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roygato

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roygato last won the day on February 26

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  1. I'd like to think any mechanic can last for more than two hours, but it's always a possibility. I have just under five hours on clock now, since I played through the challenge mode as well. Haven't checked the commentary, have to do that at some point.
  2. My only issue with Superliminal is how short it is. Really fun, though. I think I first heard about it like 10 years ago through a podcast that was discussing an early tech demo of it. Obv it didn't have a name at the time, and it took quite a while before it became an actual game.
  3. I don't necessarily disagree, you're probably digging your own grave when you announce a game so far away from release and the hypetrain builds up like this. It didn't help its cause that Witcher 3 was a runaway success and Cyberpunk was supposed to not only live up to it, but presumably surpass it. That said, Valve somehow released a new Half-Life game after all this time, and it appears to be very well received. Really wish I had VR gear so I could try it.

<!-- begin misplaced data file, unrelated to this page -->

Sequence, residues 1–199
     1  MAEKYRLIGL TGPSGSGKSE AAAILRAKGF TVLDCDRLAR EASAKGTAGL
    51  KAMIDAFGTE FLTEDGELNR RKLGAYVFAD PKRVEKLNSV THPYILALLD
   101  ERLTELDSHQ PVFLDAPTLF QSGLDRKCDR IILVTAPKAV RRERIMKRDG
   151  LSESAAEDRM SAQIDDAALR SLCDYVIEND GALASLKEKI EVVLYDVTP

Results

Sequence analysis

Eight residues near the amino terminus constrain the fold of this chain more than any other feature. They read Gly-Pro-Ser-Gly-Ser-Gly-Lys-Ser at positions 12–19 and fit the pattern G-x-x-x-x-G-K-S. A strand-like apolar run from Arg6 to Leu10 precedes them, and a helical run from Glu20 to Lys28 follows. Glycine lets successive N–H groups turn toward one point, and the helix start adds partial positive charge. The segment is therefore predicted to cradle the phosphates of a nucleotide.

4. Some outrage is warranted. In the case of Cyberpunk, it was insanely hyped, the devs were heavily crunched, but it was broken and essentially unfinished upon release. In this case, the outrage seemed more geared towards the management, rather than the devs. Some outrage is just stupid, like what you're describing with the hypothetical next gen release timeline. The developer has no power over that; they do have power over the state their game releases in. Cyberpunk was already delayed more than once from what I recall; may as well have kept at it for a while longer. I was one of the
  5. If it's at all confusing, when I wrote post-Morrowind Bethesda RPGs, I literally meant that. Not post-Morrowind Elder Scrolls. It lacks any and all impact for one thing. Slashing anything in Oblivion feels like swatting at them with a foam toy. I played Nier Automata a year ago, a game with combat that I generally described as "mash left click as fast as possible". Now that's oversimplified, as you can dodge like a madman, but even then, it just feels good when you hit things. Other than that, there's hardly any skill involved in Oblivion; you pretty much just hope they die befor
  6. Uhh, yes, thank you. That was my point exactly.
  7. Well, I did write post-Morrowind Bethesda RPGs. No question that Morrowind's combat is terrible, but at the same time, it isn't a very high bar to clear. I think Oblivion clears it only just, simply by removing the tabletop dice rolls. Otherwise it's still godawful. TDM, a game where the combat is more like an afterthought, has better combat than Oblivion, for example. That's fair, voiced dialogue brings a lot to the table, even if it restricts the writing. Even bad voice-acting can have a certain charm. If I'm reading this correctly, and you mean how Skyrim got high-pr